Today, as a group, we discovered something vitally important to consider when making a trailer, not just of noir- but of any genre. Upon examination of the trailers of both ‘Brick’ and ‘Nightcrawler’, we noticed that the trailers are made up of five key scenes that are used to shape the narrative, with a small number of shots sourced from the rest of the film. This is an alternative approach from just having lots of clips of your film with narration over the top. The former’s approach allows you to inform your audience what the plot of your film is rather than it appearing as a ‘best-of’ montage.
The first trailer we looked at was from the 2005 film- Brick. The trailer begins by using shadowy text for the titles to immediately give hints to the audience of the genre of the film. In the first scene of Brendan on the phone, there is no main music soundtrack before moving on to the next scene of him speaking to Brains. Whilst the audio of the scene continues on in the background- the audience sees different shots of Brendan investigating the case of the King-Pin. Yet the underlying part of that section of the trailer is his conversation with Brains. Therefore this shows us that we can show different scenes on the screen- but we need to have a main focus of the dialogue which gives the audience a basic understanding of the plot. Furthermore, the music is not continuous (the same) throughout the trailer. For example, the music cuts when Brendan grabs the straw to refocus the audience’s attention. The same principal applies to the following shots of Brendan speaking to the Vice-Principal whilst he is fighting with Tug (who is the ‘kid’ they are talking about). This concept, with moments to break the tension, is applied throughout the whole trailer in order to give the audience a clearer idea of the world created within the film.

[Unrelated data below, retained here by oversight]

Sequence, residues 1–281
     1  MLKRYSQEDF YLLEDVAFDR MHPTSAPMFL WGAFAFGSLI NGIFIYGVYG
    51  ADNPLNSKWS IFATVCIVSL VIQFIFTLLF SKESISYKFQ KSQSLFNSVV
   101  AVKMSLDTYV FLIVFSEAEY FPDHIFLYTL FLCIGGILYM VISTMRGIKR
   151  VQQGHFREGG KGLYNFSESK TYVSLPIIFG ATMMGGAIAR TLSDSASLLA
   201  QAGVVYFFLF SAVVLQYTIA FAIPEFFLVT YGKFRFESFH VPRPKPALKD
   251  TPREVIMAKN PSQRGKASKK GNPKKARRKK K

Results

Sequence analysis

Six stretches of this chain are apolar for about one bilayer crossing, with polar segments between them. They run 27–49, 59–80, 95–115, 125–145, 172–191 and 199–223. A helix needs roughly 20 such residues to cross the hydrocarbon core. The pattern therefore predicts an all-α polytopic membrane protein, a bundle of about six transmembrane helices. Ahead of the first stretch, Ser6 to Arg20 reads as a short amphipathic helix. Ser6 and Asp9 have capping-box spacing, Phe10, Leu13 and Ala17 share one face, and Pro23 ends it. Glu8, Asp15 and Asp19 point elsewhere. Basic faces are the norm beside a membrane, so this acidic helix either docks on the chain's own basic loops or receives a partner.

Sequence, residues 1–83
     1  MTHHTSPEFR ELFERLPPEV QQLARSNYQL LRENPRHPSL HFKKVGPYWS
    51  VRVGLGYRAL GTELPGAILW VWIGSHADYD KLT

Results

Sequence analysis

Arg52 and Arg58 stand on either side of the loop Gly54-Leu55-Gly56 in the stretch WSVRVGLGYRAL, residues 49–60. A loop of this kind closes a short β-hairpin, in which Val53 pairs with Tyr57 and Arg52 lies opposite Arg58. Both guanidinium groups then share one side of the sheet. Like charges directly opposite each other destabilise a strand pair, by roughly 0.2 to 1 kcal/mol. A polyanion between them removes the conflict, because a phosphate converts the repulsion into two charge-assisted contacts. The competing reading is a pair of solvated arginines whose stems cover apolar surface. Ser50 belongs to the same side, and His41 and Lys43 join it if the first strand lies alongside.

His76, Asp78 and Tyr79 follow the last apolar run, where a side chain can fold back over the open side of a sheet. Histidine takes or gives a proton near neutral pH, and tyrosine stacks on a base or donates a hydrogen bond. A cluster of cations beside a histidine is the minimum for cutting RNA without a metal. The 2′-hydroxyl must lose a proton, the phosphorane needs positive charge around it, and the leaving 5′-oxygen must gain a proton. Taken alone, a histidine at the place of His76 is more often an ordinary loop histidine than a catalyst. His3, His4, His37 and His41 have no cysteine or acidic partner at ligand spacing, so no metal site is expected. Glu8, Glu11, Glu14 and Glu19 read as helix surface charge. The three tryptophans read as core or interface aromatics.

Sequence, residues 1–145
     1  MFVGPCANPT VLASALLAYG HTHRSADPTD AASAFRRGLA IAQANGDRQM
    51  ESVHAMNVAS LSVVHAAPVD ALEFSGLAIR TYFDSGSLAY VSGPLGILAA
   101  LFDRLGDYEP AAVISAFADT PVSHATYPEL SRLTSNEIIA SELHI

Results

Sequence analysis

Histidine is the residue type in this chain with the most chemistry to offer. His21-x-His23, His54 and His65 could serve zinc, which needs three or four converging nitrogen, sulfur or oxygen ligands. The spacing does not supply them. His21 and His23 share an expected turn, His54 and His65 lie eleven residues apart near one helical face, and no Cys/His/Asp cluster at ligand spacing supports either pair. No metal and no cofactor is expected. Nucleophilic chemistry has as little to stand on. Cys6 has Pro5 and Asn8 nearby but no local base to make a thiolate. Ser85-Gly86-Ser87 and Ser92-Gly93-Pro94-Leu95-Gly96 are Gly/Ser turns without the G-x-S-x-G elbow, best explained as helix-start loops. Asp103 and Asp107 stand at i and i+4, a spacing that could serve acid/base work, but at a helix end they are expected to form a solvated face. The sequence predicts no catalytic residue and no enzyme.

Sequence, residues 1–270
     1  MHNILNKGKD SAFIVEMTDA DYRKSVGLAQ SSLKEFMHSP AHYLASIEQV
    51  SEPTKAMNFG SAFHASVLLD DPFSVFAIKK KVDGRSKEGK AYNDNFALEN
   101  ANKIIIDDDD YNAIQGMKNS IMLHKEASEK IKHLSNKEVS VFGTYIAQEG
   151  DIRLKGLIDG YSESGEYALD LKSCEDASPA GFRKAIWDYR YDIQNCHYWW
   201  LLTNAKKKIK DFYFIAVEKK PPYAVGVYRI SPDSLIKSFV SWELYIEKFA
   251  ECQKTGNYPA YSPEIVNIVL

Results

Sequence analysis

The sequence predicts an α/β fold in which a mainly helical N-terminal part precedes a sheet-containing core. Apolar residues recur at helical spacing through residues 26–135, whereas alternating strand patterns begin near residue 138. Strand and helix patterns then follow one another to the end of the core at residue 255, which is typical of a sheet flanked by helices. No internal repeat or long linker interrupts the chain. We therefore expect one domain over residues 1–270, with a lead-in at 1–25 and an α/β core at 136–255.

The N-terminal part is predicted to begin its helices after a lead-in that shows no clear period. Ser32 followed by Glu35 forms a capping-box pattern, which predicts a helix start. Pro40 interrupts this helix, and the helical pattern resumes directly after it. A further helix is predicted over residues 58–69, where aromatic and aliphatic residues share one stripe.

As a group, we had already examined the trailer of the 2014 film ‘Nightcrawler’ because it has a similar introduction to our own. However, the same concept used in Brick is also present in this trailer. Yet within this trailer, there are also key scenes which the director (Dan Gilroy) has chosen to use to present the film to the audience. Firstly the trailer begins with Lou’s search to find a job and his discovery of the news media. The trailer then progresses to his job interview with Rick before focusing on his work filming crime in LA and sending the footage to Nina. The trailer also uses moments when the music is cut, for example when Lou says “you will be seeing me again”. Once again, this demonstrates to us that you do not need a constant soundtrack to your trailer in order for it to be effective.
Overall we learnt that trailers are not just a compilation of shots- but several key scenes to the film. Nor does our trailer need a constant soundtrack as otherwise the emotions of the audience cannot change or grow. Therefore, we as a group, need to decide on four to five keys scenes to use in the trailer that set up the basic premise of the film to the audience.In between these scenes, we can include other shots and titles to piece the trailer together. This exercise should hopefully ensure that our trailer is as effective and watchable as possible- rather than appearing like a montage.